Exercise: Should I buy an ETF or a Mutual Fund? – Investing does not have to be difficult or complicated. Some advisors make it sound complicated because they want you to pay them handsomely for their wisdom and advice. However, if you know five words and their meanings, you can make many worthwhile investment choices on your own. The five words are: Quality, Diversification, Cost, Earnings, Dividends.
Here are the simple questions to ask about each of these.
QUALITY – Does this fund contain investments that are likely to be around in ten years?
DIVERSIFICATION – Are there at least 50-100 different companies in this fund? Does it include large cap and mid-cap companies and companies that are involved in different areas of the economy (consumer, energy, manufacturing, technology, health care.)
COST – What will this investment cost me to buy it? What will it cost for the first ten years I own it? As a rule of thumb, any investment that meets the other four criteria with an expense ratio of no more than 0.10% is an appropriate choice.
EARNINGS – Are the earnings from this investment growing? (This is easier to do for an individual stock, but you could look at the top five investments in any fund and see if each of them has growing earnings!)
DIVIDENDS – Will I be paid more every year that I own this investment? After I subtract the fees/costs, how much is my actual dividend? For example, if the annual expense ratio is 0.40% and the dividend yield is 0.90%, then you are only receiving 0.50%, not 0.90%. The fund gets a sizable chunk of your income.
EXERCISE – Now we can compare to very good investments. One is a index mutual fund from Vanguard (VFAIX) and the other is a good ETF from iShares (DVY) with a mid-cap focus.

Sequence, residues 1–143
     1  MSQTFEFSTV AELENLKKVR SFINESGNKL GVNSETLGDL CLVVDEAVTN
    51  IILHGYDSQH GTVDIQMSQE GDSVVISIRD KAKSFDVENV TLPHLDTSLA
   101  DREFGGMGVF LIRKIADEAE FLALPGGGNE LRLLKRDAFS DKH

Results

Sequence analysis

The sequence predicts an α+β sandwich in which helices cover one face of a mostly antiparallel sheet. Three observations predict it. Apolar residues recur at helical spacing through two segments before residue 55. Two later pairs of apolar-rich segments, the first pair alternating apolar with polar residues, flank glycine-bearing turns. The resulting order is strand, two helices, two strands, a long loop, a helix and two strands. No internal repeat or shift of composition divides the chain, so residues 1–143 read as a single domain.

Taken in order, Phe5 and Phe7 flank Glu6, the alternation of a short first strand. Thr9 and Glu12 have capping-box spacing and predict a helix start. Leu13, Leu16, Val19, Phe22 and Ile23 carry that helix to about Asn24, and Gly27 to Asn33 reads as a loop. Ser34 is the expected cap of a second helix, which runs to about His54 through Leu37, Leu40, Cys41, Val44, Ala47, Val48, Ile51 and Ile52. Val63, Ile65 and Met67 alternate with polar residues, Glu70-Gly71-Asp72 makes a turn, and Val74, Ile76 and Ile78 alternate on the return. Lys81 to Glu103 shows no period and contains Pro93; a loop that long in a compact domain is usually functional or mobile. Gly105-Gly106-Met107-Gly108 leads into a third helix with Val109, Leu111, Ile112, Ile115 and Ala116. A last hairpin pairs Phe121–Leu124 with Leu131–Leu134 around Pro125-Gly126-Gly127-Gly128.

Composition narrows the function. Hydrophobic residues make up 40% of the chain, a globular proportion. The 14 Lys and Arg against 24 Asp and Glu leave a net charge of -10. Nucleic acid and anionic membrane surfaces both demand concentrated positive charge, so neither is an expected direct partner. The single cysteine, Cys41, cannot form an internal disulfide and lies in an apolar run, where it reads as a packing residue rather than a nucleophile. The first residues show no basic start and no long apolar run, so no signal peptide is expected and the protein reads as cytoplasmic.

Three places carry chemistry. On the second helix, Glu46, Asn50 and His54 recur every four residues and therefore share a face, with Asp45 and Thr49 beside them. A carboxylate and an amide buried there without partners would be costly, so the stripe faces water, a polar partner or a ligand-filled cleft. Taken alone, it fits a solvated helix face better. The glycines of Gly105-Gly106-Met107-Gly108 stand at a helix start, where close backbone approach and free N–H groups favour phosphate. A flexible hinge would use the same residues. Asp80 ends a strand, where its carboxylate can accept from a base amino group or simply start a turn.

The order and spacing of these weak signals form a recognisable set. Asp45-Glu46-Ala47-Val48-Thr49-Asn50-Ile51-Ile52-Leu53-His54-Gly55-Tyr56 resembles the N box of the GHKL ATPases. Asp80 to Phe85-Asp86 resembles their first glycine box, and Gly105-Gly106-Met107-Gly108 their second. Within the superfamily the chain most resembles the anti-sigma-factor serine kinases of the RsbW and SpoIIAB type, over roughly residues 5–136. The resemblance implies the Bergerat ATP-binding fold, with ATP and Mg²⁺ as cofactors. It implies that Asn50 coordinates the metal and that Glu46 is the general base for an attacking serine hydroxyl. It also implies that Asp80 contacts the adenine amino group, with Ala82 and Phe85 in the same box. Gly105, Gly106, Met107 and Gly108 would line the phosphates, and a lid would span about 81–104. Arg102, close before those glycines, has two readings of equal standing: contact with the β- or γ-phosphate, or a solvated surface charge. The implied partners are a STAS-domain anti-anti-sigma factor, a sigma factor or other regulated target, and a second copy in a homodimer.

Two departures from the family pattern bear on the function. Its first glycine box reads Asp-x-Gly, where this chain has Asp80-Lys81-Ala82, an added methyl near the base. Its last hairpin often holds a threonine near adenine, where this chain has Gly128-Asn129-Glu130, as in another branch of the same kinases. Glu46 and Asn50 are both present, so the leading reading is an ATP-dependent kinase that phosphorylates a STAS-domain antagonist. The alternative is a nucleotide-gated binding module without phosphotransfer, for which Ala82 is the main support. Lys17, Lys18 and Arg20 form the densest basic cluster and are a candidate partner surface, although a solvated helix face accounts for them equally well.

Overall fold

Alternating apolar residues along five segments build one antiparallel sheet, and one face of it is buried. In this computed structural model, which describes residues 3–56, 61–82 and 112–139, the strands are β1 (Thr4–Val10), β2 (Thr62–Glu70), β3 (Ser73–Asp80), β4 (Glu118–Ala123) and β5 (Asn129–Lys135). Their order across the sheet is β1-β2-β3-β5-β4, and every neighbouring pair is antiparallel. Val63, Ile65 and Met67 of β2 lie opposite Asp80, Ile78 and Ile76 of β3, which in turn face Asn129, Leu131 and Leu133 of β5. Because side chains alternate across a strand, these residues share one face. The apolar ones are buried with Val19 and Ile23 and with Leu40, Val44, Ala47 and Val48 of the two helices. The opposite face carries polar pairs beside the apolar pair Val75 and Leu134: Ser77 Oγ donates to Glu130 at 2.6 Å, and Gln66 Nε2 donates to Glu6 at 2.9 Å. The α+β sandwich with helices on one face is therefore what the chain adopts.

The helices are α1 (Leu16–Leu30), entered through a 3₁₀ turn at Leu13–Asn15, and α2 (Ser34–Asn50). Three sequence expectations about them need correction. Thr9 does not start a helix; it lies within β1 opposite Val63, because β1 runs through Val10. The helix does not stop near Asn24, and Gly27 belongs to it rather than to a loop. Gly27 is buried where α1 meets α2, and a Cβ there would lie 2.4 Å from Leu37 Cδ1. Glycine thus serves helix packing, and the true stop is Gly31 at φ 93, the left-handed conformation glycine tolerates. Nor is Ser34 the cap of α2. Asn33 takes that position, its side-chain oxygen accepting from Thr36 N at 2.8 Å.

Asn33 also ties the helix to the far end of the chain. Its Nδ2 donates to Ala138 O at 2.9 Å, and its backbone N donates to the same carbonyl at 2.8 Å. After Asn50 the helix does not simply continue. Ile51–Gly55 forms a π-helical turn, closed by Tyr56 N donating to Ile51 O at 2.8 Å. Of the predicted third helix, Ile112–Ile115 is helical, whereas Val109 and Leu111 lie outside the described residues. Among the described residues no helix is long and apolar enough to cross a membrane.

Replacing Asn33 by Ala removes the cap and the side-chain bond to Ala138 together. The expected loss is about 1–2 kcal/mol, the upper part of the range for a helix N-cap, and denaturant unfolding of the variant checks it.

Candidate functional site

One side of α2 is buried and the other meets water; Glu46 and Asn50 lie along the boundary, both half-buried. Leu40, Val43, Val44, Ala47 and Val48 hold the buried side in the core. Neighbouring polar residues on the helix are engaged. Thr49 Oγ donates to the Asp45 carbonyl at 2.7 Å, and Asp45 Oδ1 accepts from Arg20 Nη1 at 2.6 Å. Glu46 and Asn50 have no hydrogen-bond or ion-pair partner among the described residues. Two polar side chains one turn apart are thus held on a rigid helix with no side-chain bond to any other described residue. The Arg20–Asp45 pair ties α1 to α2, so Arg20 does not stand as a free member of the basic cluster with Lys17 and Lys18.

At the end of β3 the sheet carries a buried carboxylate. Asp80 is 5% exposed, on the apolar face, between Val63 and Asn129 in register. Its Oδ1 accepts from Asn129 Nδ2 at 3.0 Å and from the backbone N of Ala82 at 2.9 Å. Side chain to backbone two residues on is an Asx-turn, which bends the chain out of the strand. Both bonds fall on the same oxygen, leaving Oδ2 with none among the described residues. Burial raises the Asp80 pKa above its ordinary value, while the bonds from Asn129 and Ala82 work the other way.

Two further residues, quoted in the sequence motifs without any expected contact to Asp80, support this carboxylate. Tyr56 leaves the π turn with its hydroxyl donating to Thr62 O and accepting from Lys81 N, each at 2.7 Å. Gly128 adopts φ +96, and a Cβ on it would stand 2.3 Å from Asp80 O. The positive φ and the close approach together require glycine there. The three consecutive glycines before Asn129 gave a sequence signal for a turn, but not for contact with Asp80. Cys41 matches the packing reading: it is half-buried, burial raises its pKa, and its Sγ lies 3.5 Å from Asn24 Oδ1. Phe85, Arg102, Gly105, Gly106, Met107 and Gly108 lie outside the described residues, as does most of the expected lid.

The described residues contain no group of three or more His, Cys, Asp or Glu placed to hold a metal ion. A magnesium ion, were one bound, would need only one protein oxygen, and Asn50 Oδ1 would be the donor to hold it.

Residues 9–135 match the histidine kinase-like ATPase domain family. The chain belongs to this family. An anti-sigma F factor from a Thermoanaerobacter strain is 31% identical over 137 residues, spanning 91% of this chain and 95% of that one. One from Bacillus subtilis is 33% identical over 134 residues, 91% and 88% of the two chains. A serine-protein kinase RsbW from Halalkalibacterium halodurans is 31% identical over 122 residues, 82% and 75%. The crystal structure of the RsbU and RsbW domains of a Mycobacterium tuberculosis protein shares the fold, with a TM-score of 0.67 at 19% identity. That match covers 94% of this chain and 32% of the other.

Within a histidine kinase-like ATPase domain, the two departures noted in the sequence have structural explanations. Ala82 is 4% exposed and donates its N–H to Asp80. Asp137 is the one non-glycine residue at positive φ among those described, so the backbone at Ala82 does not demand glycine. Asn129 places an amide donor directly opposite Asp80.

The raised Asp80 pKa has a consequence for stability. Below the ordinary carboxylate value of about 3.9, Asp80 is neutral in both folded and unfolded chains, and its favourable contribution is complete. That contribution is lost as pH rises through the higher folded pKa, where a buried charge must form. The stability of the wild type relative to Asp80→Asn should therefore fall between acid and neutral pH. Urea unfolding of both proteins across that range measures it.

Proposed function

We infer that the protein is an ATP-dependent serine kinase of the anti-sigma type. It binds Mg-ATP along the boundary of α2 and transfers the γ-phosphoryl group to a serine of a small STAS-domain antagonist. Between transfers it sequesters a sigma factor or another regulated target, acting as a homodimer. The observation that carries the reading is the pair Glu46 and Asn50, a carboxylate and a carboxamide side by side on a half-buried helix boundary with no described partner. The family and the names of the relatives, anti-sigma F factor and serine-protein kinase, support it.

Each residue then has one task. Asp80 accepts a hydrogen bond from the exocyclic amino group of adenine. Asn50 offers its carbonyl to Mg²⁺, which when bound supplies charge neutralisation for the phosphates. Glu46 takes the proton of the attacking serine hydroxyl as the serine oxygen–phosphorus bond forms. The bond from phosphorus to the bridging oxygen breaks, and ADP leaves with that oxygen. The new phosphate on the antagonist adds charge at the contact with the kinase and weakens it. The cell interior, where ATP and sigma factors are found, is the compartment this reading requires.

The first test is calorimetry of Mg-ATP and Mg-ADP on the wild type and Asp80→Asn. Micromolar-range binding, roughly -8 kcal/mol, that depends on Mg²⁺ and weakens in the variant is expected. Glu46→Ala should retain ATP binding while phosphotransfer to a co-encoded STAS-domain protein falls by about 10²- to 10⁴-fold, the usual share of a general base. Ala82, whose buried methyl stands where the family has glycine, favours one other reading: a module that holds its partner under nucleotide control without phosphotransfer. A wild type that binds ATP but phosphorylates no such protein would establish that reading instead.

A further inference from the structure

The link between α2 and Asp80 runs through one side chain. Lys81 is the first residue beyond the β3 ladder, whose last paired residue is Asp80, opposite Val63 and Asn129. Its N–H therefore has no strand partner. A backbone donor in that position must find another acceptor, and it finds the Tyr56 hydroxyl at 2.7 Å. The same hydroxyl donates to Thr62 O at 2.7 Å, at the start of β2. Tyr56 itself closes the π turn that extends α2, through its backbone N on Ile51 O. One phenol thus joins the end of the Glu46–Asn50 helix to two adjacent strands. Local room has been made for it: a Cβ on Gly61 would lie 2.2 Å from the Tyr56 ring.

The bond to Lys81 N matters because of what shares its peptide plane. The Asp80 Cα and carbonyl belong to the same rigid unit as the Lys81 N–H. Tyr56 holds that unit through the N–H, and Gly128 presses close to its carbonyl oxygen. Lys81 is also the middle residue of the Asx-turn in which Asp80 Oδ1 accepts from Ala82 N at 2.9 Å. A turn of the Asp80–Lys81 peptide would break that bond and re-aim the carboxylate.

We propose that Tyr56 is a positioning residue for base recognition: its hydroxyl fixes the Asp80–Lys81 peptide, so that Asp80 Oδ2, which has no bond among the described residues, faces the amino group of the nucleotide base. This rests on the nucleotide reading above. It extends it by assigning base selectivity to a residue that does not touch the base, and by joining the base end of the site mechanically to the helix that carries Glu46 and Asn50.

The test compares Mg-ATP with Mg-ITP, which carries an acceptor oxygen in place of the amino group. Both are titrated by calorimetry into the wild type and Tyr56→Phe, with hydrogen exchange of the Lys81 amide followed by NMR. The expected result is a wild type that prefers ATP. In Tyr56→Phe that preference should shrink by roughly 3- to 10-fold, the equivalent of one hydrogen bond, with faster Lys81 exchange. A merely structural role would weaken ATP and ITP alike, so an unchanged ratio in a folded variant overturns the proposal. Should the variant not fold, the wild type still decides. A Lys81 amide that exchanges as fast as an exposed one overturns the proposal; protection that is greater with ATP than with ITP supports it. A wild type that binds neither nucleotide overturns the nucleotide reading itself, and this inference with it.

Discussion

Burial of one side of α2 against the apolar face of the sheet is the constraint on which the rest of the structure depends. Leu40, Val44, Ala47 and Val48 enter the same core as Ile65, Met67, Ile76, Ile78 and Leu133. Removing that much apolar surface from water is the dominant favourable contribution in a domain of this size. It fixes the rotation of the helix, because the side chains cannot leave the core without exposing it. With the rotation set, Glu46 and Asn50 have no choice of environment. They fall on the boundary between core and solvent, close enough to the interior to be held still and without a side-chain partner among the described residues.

QUALITY – Does this fund contain investments that are likely to be around in ten years? – DVY – Yes: examples include McDonald’s; Lockheed Martin, Caterpillar and Chevron. VFAIX – Yes; This fund holds more than 400 quality companies including JP Morgan, Bank of America and other businesses shown on the image below.
DIVERSIFICATION – Are there at least 50-100 different companies in this fund? – DVY – Yes, there are almost 100 companies in this ETF. They are primarily mid-cap and many are utilities, consumer discretionary, financials and industrials. VFAIX – Yes, there are over 400 investments, but they are focused on the financial sector. This fund includes, large, mid and small cap investments.
COST – What will this investment cost me? – DVY – The expense ratio is 0.39%. I think that is a bit high, but it makes sense given the dividend yield and the dividend growth. This is also a mid-cap fund, so iShares feels like they can charge more for this ETF with more active management. Fidelity does charge to trade this ETF ($4.95 per trade) but you can automatically reinvest dividends at no additional cost. VFAIX – The expense ratio is 0.10%. Very acceptable. Unfortunately, you cannot trade this index fund on Fidelity Investments, and the comparable Fidelity funds have an unacceptable expense ratio. So here is an argument for opening an account at Vanguard: Vanguard generally has many good index funds with very low expense ratios.
EARNINGS – Are the earnings from this investment growing? – I won’t take the time to research this for DVY or VFAIX. However, earnings for quality companies have been increasing. In addition, both funds are seeing growth in dividends, which generally can mean that earnings are growing to support the increased dividends. Company boards are not eager to raise dividends that may not be supported by future earnings.
DIVIDENDS – Will I be paid more every year that I own this investment? – The short answer for both DVY and VFAIX is Yes. You can check this out on the following web site: https://www.etfreplay.com/yield.aspx
CONCLUSIONS: I would not buy DVY and say “I have good market cap diversification.” DVY is a very good mid-cap dividend-growth investment with reasonable costs. I would not buy VFAIX and believe that I was getting good sector diversification, but I would buy it if I thought increasing interest rates and lower corporate taxes will improve the bottom line on the financial sector.
Here are the top investments (extracted from Weiss Ratings) in VFAIX: